Using CT Scans for Finding Blood Clots
Blood clotting in the body is often beneficial. It helps staunch wounds, prevent infections and begin the healing process after an injury. But when blood clots form in the blood vessels, they pose grave health risks.
Fortunately, computed tomography (CT) scans provide valuable detection and diagnostic information. How does a CT scan show blood clots? In this article, we discuss how health care professionals scan for blood clots and how these CT techniques work.
What Are Blood Clots?
Blood clots are gel-like or semisolid clumps in the bloodstream.
Under normal, healthy conditions, blood flows freely through the arteries and veins of the body. Sometimes, though, the blood begins to congeal in one place and adhere to vein or artery walls. Depending on their location and severity, blood clots may be exceptionally dangerous, even life-threatening.
Blood clots typically come in one of two different types — thromboses or embolisms.
- Thrombosis: A thrombosis is a blood clot that remains stationary in the bloodstream. It impedes blood flow, forcing the blood to squeeze through the small space next to the clot.
- Embolism: An embolism is a blood clot that breaks free from its original location and travels elsewhere. When these clots end up in the lungs, for instance, they are known as pulmonary embolisms.
Just as doctors can classify blood clots by how they behave in the bloodstream, they can also classify blood clots by where they form. Arterial clots form in the body’s arteries — the blood vessels that carry blood away from the heart and toward the body’s other organs and tissues.
Arterial clots cause immediate symptoms. Arterial blood carries vital oxygen from the heart to other areas of the body. If a blood clot interferes with that oxygen transport, the person may experience a severe medical event such as a stroke, heart attack, sudden paralysis or extreme pain.
Venous clots form in the veins — the smaller blood vessels that carry oxygen-depleted blood from the organs and tissues back to the heart. Venous blood clots generally form slowly, and because they do not interfere with the body’s oxygen supply, they may be symptomless at first. As time passes, though, the person may begin to experience symptoms, or previously mild symptoms may become much more noticeable.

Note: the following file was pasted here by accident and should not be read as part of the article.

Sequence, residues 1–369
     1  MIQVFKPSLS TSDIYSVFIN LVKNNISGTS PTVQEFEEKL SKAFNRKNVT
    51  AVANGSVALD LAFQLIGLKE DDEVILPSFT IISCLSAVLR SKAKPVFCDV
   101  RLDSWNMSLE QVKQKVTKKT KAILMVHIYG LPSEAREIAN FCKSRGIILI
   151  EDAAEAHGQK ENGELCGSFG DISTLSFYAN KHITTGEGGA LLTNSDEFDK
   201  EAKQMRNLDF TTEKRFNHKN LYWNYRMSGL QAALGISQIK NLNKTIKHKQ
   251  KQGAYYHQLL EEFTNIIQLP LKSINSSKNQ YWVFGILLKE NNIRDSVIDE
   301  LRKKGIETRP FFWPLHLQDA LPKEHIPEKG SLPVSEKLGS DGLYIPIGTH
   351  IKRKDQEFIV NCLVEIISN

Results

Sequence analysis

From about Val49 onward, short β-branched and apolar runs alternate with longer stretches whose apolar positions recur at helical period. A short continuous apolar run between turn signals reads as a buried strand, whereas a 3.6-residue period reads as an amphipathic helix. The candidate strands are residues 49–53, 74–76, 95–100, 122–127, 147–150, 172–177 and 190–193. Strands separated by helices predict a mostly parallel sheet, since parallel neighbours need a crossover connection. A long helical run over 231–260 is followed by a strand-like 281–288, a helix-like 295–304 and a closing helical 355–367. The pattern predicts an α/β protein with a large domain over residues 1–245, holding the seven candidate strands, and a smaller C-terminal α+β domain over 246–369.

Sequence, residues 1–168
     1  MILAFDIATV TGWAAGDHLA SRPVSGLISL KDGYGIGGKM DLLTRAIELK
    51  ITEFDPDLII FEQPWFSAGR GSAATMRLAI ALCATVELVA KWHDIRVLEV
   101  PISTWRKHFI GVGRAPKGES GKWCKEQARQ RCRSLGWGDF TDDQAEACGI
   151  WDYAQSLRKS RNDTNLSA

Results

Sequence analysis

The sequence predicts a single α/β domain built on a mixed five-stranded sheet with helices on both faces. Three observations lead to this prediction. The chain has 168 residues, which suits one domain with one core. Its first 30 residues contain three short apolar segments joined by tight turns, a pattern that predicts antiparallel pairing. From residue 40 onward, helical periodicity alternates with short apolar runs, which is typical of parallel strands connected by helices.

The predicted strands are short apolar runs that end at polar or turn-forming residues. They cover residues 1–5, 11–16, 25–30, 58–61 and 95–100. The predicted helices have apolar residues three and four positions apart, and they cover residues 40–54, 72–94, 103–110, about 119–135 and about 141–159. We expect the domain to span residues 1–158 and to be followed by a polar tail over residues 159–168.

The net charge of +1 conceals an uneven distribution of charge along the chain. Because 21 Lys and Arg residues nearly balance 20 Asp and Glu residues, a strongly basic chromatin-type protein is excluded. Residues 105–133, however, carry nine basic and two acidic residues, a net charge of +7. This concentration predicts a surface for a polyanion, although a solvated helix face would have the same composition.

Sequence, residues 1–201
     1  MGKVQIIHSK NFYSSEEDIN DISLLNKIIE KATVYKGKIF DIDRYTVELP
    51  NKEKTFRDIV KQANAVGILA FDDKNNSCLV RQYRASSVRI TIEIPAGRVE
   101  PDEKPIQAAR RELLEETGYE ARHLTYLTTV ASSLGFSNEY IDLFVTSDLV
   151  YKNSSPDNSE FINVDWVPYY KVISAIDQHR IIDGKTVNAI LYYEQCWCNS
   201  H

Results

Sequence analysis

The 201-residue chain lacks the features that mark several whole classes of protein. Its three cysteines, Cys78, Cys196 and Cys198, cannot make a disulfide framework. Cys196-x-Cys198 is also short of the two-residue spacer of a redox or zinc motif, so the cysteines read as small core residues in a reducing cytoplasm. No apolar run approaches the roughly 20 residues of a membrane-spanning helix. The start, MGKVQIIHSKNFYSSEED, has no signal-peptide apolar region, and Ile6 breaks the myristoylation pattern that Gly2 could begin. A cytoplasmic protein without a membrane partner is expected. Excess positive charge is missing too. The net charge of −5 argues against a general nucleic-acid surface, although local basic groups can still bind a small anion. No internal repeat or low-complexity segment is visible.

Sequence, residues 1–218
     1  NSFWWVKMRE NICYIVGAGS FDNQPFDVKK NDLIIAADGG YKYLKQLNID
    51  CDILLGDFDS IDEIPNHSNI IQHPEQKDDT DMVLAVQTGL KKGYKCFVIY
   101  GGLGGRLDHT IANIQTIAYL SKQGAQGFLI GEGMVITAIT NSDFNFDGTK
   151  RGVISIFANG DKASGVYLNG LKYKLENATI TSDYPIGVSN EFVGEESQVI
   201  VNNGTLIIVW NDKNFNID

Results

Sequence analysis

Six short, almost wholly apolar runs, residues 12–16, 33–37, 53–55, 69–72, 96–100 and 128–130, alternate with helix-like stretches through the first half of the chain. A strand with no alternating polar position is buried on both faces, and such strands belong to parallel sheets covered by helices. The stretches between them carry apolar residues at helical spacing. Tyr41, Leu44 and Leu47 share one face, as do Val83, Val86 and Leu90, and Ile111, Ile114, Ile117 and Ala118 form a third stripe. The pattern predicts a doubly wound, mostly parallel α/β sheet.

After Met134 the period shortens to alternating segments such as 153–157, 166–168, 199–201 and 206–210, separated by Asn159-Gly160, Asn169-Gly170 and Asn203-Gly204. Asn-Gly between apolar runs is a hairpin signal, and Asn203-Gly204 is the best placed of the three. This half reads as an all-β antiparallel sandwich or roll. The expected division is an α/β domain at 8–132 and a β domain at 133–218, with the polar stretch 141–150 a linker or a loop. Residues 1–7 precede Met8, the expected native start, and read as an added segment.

What Causes Blood Clots?
Numerous factors — some hereditary, some lifestyle-related — can make blood clot formation more likely:
- Advanced age — especially 65 or older
- Bed rest or other long sedentary periods, such as during travel
- Family history of blood clots
- Medications like hormonal birth control
Where Do Blood Clots Form?
Blood clots commonly form in several areas of the body:
- Abdomen: Blood clots that form in the abdomen can cause severe pain and gastrointestinal symptoms like diarrhea, nausea, vomiting and blood in the stool.
- Arms and legs: Blood clots that form in the arms and legs can cause bruises, cramps, pain, swelling and excessively warm skin. Deep vein thrombosis (DVT) occurs when stationary clots form in the larger, deeper veins, and they tend to fly under the radar —and according to the U.S. Centers for Disease Control and Prevention (CDC), about 50% of people with deep vein thrombosis experience no symptoms.
- Brain: A blood clot in the brain can often lead to a stroke. These clots cause neurological symptoms such as vision impairment, slurred speech, bodily weakness and seizures.
- Heart: A blood clot in the heart can often lead to a heart attack. These clots cause chest pain that radiates into the left arm, as well as sweating and labored breathing. Clots in the heart also often travel on to the brain or lungs.
- Lungs: In the lungs, blood clots can cause coughing, chest pain and difficulty breathing. Less commonly, they also cause dizziness, irregular heartbeat and pulse, swelling of the extremities, skin discoloration and excessive sweating.
How CT Scans Detect and Diagnose Blood Clots